The first Australian World Science Fiction Convention Aussiecon was held in 1975 in Melbourne; that year also Paul Collins began publishing the science fiction magazine Void. Collins went on to publish numerous science fiction titles under his Void book and Collins imprint, including books by such writers as David Lake, Russell Blackford, Trevor Donahue, Wynne Whiteford, and Keith Taylor. John Baxter edited a number of early collections of Australian science fiction for Angus and Robertson publishers.
As an adjunct of the science fiction field in Australia, there were various publications which may be regarded as horror or dark fantasy. The main producer of such material in the 1960s was Horwitz Publishing House.
In the 1970s Van Ikin established the important critical journal Science Fiction co-edited by Terry Dowling. Ikin has edited a number of seminal anthologies including Glass Reptile Breakout, Australian Science Fiction and Mortal Fire (the latter with Terry Dowling). Damien Broderick also edited numerous anthologies in additionto his work as a writer. Jenny and Russell Blackford edited the long-running critical magazine Australian SF Review. Two book-length selections of essays from this journal have been published.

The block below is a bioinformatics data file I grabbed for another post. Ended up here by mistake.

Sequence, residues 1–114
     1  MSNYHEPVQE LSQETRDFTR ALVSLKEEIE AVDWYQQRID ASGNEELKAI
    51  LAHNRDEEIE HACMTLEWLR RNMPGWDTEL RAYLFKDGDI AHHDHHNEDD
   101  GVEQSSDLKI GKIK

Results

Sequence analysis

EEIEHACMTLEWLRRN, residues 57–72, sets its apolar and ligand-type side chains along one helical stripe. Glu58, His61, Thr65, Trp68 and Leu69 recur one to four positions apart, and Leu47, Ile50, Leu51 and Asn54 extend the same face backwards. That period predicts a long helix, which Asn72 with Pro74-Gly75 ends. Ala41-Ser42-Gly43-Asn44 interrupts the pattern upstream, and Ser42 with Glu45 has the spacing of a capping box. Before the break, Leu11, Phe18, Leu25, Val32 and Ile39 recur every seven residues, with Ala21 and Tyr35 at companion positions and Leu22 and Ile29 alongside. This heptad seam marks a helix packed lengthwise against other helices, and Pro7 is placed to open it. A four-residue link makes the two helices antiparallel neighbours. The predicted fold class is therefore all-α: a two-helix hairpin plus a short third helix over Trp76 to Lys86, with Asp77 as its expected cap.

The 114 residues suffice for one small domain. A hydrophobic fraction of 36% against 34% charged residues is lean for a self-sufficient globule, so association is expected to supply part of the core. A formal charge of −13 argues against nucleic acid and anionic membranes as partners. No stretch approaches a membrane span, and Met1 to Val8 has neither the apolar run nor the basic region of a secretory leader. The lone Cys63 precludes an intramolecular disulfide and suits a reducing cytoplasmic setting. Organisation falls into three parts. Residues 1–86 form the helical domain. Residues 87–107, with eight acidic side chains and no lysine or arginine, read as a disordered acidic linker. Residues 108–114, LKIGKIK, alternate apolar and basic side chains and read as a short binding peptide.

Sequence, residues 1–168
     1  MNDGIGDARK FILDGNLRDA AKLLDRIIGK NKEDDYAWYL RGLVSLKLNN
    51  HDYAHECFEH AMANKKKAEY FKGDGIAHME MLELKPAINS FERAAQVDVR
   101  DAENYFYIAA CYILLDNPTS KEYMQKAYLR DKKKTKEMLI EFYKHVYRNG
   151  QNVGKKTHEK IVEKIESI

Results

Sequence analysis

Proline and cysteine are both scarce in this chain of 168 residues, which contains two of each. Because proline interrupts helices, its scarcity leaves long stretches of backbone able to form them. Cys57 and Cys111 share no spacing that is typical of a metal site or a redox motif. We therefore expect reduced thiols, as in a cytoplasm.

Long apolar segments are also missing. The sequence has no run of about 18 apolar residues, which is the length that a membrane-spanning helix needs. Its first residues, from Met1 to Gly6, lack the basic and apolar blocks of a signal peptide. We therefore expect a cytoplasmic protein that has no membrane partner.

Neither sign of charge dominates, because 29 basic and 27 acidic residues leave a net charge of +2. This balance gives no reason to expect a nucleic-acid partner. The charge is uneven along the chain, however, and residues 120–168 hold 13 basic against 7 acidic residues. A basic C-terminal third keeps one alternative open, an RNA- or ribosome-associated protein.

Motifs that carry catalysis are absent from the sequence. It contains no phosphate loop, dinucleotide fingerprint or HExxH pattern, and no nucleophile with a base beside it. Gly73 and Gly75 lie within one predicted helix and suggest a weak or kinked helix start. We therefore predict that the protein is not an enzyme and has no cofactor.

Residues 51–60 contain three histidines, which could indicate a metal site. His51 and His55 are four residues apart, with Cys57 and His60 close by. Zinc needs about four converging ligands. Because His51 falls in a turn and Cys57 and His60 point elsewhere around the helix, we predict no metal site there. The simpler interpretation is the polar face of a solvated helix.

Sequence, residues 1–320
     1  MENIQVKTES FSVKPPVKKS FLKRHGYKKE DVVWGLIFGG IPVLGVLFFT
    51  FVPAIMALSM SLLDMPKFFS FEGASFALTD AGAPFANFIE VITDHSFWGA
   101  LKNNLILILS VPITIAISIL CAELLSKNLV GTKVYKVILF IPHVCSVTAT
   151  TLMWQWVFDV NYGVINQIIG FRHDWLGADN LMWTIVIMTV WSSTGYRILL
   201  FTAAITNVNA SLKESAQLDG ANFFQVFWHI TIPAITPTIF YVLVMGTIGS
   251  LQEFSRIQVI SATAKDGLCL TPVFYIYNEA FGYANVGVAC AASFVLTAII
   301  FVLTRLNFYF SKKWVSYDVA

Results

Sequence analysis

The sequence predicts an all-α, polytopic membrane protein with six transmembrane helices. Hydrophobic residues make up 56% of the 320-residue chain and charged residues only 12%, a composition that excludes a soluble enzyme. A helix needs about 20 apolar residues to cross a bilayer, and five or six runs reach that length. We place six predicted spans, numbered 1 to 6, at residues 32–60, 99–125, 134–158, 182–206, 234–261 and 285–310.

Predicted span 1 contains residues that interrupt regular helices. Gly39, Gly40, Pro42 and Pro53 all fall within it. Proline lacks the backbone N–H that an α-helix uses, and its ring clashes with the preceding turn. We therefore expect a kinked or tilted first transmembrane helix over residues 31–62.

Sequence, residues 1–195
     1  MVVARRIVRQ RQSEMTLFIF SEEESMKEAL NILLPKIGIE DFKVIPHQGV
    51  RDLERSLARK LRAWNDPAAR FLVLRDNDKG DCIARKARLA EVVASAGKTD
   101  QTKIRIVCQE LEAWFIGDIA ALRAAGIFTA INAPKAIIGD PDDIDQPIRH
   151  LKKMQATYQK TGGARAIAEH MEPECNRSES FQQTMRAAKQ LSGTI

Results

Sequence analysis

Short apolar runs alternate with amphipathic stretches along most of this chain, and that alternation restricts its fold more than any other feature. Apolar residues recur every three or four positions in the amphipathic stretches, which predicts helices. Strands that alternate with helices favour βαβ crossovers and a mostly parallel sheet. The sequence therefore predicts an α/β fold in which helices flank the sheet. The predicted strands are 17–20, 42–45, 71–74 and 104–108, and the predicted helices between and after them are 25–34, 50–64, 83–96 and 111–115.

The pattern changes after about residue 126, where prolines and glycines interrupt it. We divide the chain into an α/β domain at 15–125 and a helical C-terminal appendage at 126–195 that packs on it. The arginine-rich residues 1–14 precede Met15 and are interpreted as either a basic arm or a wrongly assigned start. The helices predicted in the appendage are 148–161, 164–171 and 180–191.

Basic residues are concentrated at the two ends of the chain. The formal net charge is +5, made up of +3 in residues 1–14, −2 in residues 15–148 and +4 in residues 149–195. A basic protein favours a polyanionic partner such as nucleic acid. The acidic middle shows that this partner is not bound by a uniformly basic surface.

The number of authors and publications grew, particularly with the field of short fiction becoming established by the mid-1980s, with the first professional Australian science fiction magazine being published that decade (Omega Science Digest); in the 1990s it was joined by Aurealis: The Australian Magazine of Fantasy and Science Fiction and Eidolon: The Journal of Australian Science Fiction & Fantasy. Jonathan Strahan, co-editor of the latter, has gone on to become Australia's most prolific science fiction editor.